Battery-guzzling 4K hardware clad in an alloy battle jacket: Lenovo's 4th-gen ThinkPad Yoga X1 is its most metal yet

High-rez screen or going all day without a charge: Pick one

The fourth-generation ThinkPad Yoga X1 has swapped the finish of yesteryear for something a little more metallic.

Lenovo's new flagship 2-in-1 came as a bit of a shock after the sleek Carbon X1. Starting at 1.35kg, it's a heftier beast (something I certainly noticed in a shoulder bag) and the metal finish seemed a tad less luxurious than its sibling.

However, the "Iron Gray" aluminium chassis was a good deal more resilient to scuffs and marks during a week of everyday usage.

About that case

The ThinkPad Yoga's looks have had an update this time around, as well as general slimming down. It's a fraction lighter than the last gen and slightly smaller at 323mm x 218mm x 15.5mm.

The device is certainly not gargantuan but, compared to the X1 Carbon, it is a tad chunky. Sadly, the extra weight does not translate to a screen that can be opened with one finger either.

The ports have also had a refresh, and fans of the previous generation will be sad to see the departure of the SD card reader. Still, an HDMI 1.4 connector, two USB-C Thunderbolt 3 and a pair of USB-A 3.1 sockets should be enough to be going on with. Lenovo also supplies an Ethernet adapter for those who need it.

There is also a combination mic and headphone socket.

The customary trackpad and ThinkPad pointer are present and correct and the backlit keyboard, irritating function key placement aside, remains a highlight of the line, just like its X1 Carbon sibling.

Also like the Carbon, the fingerprint reader works a treat while the Windows Hello facial recognition remains distinctly inferior to alternative technologies. Again, this isn't really the fault of Lenovo, and the inclusion of that reader is laudable.

A fiddly switch is present to slide a shutter over the camera and is a little tricky to find on the glossy screen bezel. The screen, however, is sumptuous.


The party piece of the model we had was the 14" 4K (3840 x 2160) IPS display with Dolby Vision HDR400 and 500 nits. While the weedy Intel 620 graphics won't see any modern games being played, the screen itself is very pleasing to the eye. Video was a treat, and using the trick hinge to pop the machine into media-viewing mode made for some enjoyable bingeing while the battery lasted.

Fold the screen all the way around, and the machine switches to tablet mode. Sadly, the Yoga felt just a bit too heavy for our weak little wrists when used in this way and we had some problems with the pen (which slots into the chassis when not in use).

When compared to something like the Surface Go with Microsoft's own pen, the Yoga felt a little laggy during note-taking in OneNote. The pen also felt plasticky, and like it might be scratching the screen, which is a shame in such a premium device.

Under the hood

The review model we had suffered no performance problems, with the Intel i7-8565U CPU chewing through any task that was thrown its way. The 16GB of LPDDR3 RAM and 512GB SSD do no harm either and are reminiscent of the Carbon X1.

In fact, it is hard to avoid comparisons between the two. Like its stablemate, the Yoga X1 had no problems with video encoding, running the likes of Visual Studio along with multiple virtual machines. It also kept its cool until we ramped up the performance slider, at which point the fan span up under load.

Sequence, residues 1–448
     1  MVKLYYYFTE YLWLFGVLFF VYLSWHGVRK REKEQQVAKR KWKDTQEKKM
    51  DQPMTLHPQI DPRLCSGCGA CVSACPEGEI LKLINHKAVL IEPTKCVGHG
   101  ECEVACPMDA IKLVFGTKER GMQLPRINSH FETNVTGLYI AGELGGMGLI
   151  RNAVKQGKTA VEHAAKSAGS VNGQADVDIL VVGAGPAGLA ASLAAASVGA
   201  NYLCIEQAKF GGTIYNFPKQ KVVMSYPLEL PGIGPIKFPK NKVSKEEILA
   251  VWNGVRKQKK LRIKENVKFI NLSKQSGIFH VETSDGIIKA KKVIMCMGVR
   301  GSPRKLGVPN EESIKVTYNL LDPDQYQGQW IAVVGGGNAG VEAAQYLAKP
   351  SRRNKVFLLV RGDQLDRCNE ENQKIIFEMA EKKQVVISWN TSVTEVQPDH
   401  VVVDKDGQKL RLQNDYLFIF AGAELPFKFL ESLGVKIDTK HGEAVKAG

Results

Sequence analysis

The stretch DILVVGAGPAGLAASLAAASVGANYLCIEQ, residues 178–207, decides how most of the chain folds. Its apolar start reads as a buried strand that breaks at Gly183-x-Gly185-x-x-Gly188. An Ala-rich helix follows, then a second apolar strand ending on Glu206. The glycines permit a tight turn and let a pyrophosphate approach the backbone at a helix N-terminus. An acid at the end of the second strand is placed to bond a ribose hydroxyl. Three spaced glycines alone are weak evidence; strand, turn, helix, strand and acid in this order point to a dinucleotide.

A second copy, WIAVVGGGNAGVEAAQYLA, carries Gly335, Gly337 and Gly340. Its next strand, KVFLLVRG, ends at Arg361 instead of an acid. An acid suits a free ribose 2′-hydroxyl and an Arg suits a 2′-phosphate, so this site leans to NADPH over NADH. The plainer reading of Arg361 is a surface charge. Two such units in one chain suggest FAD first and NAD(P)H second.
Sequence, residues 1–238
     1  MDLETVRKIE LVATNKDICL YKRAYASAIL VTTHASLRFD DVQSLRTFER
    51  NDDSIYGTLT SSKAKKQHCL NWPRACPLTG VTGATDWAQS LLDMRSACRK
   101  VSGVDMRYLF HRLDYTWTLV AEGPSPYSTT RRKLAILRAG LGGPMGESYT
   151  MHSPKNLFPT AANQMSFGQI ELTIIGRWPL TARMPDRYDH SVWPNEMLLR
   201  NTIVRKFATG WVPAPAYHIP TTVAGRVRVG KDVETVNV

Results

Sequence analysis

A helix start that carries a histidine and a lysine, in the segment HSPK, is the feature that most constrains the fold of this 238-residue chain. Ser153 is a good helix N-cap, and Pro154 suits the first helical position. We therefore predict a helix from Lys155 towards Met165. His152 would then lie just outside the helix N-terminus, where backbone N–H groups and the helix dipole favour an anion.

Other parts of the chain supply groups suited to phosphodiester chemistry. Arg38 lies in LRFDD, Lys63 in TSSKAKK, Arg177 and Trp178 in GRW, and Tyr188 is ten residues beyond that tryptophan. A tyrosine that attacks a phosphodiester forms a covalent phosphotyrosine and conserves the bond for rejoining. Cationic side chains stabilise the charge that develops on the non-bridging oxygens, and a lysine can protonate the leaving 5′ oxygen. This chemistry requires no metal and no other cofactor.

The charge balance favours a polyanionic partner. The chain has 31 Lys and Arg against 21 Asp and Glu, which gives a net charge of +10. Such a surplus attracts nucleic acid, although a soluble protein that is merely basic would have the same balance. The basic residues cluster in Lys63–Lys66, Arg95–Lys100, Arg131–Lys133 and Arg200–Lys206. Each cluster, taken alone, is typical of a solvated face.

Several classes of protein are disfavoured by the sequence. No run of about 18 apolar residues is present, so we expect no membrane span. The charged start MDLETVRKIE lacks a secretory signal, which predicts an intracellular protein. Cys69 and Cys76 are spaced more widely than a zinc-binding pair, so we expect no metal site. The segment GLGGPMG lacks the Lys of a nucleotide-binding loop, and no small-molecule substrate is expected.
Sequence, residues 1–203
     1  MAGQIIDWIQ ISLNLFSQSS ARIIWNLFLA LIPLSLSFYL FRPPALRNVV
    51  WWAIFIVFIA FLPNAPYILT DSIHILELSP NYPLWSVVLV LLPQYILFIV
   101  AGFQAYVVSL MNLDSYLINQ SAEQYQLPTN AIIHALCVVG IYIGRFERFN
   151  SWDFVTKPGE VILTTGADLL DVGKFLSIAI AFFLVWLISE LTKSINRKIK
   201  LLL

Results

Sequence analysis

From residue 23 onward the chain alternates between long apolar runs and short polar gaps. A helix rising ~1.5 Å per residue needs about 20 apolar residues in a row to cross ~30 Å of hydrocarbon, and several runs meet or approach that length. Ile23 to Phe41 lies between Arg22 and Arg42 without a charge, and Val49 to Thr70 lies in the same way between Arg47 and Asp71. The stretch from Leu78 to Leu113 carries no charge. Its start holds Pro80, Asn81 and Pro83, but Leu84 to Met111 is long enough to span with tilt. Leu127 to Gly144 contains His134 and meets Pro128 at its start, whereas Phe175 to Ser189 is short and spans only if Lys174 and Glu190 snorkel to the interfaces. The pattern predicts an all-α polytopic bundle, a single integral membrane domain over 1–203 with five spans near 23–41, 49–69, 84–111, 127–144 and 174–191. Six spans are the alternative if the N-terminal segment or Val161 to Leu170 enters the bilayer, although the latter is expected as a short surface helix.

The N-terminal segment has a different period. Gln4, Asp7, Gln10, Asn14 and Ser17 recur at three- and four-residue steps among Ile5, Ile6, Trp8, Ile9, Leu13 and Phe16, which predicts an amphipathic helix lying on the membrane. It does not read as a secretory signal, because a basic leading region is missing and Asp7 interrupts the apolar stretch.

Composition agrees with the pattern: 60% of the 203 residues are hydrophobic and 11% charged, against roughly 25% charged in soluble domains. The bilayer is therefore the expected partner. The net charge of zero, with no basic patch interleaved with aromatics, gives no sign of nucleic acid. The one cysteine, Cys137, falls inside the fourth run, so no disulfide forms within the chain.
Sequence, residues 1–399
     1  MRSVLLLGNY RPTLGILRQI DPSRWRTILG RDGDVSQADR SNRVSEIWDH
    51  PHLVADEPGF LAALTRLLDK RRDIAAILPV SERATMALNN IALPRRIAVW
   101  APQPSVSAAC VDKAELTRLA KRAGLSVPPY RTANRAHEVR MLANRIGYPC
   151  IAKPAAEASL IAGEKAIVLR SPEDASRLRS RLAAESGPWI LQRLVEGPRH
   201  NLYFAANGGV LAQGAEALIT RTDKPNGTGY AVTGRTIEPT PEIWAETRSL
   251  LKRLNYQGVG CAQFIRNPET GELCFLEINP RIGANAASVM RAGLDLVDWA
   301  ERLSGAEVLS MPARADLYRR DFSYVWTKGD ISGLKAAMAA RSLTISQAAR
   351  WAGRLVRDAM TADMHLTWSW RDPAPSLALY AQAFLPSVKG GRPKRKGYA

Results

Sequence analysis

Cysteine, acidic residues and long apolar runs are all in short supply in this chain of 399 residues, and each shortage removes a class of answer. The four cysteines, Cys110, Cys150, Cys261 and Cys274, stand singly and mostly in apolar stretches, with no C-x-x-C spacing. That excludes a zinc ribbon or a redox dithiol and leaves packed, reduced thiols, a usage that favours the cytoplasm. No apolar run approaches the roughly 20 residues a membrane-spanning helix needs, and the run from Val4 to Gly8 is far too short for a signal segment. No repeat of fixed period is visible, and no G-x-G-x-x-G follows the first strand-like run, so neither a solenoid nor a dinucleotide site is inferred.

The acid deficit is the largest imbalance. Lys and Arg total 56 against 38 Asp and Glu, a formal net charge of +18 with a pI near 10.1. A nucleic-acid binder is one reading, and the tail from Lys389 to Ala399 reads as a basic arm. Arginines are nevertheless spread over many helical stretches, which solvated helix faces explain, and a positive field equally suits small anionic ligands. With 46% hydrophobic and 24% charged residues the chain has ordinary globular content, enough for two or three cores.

It fared less well when plugged into Lenovo's monster 43.4 inch monitor we looked at earlier this week, with the fan dumping a considerable amount of heat out of the side vent when running on mains power.

I (don't) got the power

This brings us to the machine's Achilles heel – the battery life. Obviously, we were never going to see anything like Lenovo's claim of "up to 18 hours". The company is clear that the figure depends on settings, usage and configuration. Ramp up the spec and add in that glorious screen and you'll be lucky to see a working day out of the 51Whr battery.

The previous generation had a 57Whr unit fitted.

In fact, during our first test run, which was simply performing productivity tasks (such as word processing) and allowing Lenovo's defaults to do their stuff, we struggled to see more than a catastrophic four hours out of the machine.

Manually switching everything to full power-sipping mode extended the life during regular usage to a shade under six hours, which isn't too bad when one considers that 4K screen, but we wouldn't want to travel without the charger.

We asked Lenovo if there could be an issue with our review model with regard to battery usage and the screen lag but have yet to receive a response.

Is it any good?

While the screen and performance are excellent, anyone thinking of dropping nearly £2k on one should consider the cost of that display in terms of power consumption. A lower-resolution unit will last considerably longer.

Having spent a week in the company of the Yoga, we can see that trick hinge rarely being used and the machine doing most of its duty as a traditional clam shell. However, it's a nice to have for presentations and the odd toe dip into the cream of the streams.

Overall, the revised chassis is a welcome update to the ThinkPad Yoga, as is the option of the 4K screen. It might be built like a tank, but its high price means that alternatives such as Dell's 2-in-1 XPS range are also worthy of attention. ®

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